Observing in the Cold

This friday is the third Second Friday Star Party of the 2010-2011 season. At this moment, the NOAA forcast is for “mostly cloudy”…but it’s a few days and a few orders of magnitude of reliability away. Though I won’t count my chicks before they hatch, I also won’t throw them out with the bathwater. Tuesday is mixed-metaphor day at Punkastronomy.

By the way, the answer to the question posed in the title of the last post, Monday Night’s Lunar Eclipse: Will We See It? was…no. We were clouded in. I slept on the couch by the woodstove so I wouldn’t wake up the missus, and just before the alarm rang at 3:17am, I got up, looked out the window, saw the red haze of low-lying but complete cloud cover, and went back to sleep. I don’t know anyone in the area who saw it. Them’s the breaks living in the Finger Lakes. Lots of clouds, but we also have a lot of fresh water so when the great water crisis of the next century hits, everyone will have to bow down and worship us, and the people who live around Lake Baikal in Russia. We have wine, they have vodka. So there. Tuesday is free association day at Punkastronomy as well.

The past few months I’ve been moonlighting as an astronomy guide for Hobart and William Smith Colleges’ Astronomy 101 class. I hosted 6 observing nights between September and December. And the one inescapable fact is that our nation’s high schools, prep schools, and indeed even our excellent colleges are failing to teach the next generation: how to dress for cold weather. At first I thought it was just adherence to the orthodox care-free bravura adopted by many university students. But when it was 13 degrees out and a student showed up in docksiders with no socks, then I began to question our civilization’s passionate skirting of Darwinian realities. A little upturned nose at convention–or even common sense–can be a good thing, but this was an existential gaff that really could have cost some blue toes, and given one of the bored ER docs at Geneva General a chance to get out his digit hacksaw.

Amateur astronomers are a die-hard lot. We’re tougher than you think people with more than a passing familiarity with slide-rules and pocket protectors might be. Late nights, sleep deprivation, bitter cold–us amateurs (ORIGIN late 18th cent.: from French, from Italian amatore, from Latin amator ‘lover,’ from amare ‘to love’) are actually pretty hardy folk.

I remember going to the Rochester astronomy club’s observatory one frigid night in February and dressing in the warmest gear I had: Sorel pack boots, a thick pair of woolen paratrooper pants, and a Swedish surplus army coat that at least a dozen sheep sacrificed their hides to produce. I thought I was pretty cool. As I trudged through the snow to the observatory, one of the other club members surprised me by calling out my name. Bill Hugh is one of observing gods of the local astronomy community.

I’ve watched  Bill set up his scope at a star party, swing it to a certain point of the sky with his eyes closed (or looking in the other direction) and he’s zeroed in on an otherwise hard-to-find planetary nebula. That’s a kind of navigational skill I can at this point only aspire to, and be amazed by. Anyway, Bill was wearing these amazing white Army extreme cold weather boots, apparently called “Mickey Mouse” boots by servicepeople and rated to -40′. His tootsies were warm.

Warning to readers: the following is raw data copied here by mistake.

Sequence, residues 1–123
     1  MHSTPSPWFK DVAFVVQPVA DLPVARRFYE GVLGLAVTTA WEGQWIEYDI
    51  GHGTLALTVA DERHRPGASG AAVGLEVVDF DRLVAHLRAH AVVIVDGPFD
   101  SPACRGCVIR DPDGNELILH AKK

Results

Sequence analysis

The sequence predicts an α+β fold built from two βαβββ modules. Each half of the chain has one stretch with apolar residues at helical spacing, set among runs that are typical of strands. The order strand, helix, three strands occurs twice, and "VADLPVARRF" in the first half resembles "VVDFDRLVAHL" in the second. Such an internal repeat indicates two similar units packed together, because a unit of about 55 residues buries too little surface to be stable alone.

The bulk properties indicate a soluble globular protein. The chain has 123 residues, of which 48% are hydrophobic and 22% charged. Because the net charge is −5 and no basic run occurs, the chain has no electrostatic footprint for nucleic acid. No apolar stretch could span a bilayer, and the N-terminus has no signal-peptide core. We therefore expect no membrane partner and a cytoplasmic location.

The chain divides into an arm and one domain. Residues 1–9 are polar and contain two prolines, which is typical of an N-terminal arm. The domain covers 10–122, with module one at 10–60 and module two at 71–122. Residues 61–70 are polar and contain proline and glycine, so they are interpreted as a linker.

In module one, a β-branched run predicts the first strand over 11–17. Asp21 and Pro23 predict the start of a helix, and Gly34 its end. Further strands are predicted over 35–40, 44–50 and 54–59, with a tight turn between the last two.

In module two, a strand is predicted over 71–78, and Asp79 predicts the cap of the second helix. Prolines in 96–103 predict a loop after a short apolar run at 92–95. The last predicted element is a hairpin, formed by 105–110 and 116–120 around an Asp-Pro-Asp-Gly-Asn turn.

But Bill still had socks on! The thing about amatuer astronomy, though I’ve tried to consistently paint it as a brave and nearly glorious light, is that, by and large, it’s a pretty static hobby. It is actually a modified form of loafing, or standing around. Mall rats are actually almost amateur astronomers. They just need a telescope. Don’t tell them and break their illusion of marginalized nonconformity, their indignation will only grow.

And standing around in the cold…well, it makes you cold. You basically have the heat you start off with at the beginning of the evening. You need to keep it in unless you have one of those blast-furnace metabolisms, and really, only the Inuit have those and they still wear multiple animal skins to conserve their body heat.

On a cold winter observing night, even in the Finger Lakes, you really can’t dress too warmly. You’re never likely to overheat, unless the Tripods attacked as you were observing Mars and you were forced to run from cover. Or you had to run inside because you saw a coyote run by and got spooked. One of the two preceding situations actually happened to me, and getting behind closed doors was worth a little sweat.

This is all leading up to my Amateur Astronomer’s Cold Maxim: When it’s August, dress like it’s October. When it’s October, dress like it’s December. When it’s December, dress like it’s Alaska.

So anyway, come out to the Second Friday Star Party this Friday evening. And for heaven’s sakes, dress warm. We’ll have hot cider, but we won’t let you dip your toes into it.

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3 thoughts on “Observing in the Cold

  1. As a sourdough* myself, I can vouch for Doug’s insight on the need for uber warm clothing. It’s not just the cold that will make your night miserable. The lack of moisture in the air can dehydrate you faster than a mid-summer’s day in Death Valley. Bundle up!

  2. Thanks R Pool! I never heard the term sourdough before that, and I didn’t know you were one of them, too… I’m not, I just picked Alaska since it was cold and I already mentioned Siberia in the post (and anyway people have such negative connotations about Siberia–they’ll imagine dressing appropriately in Gulag uniforms or something).

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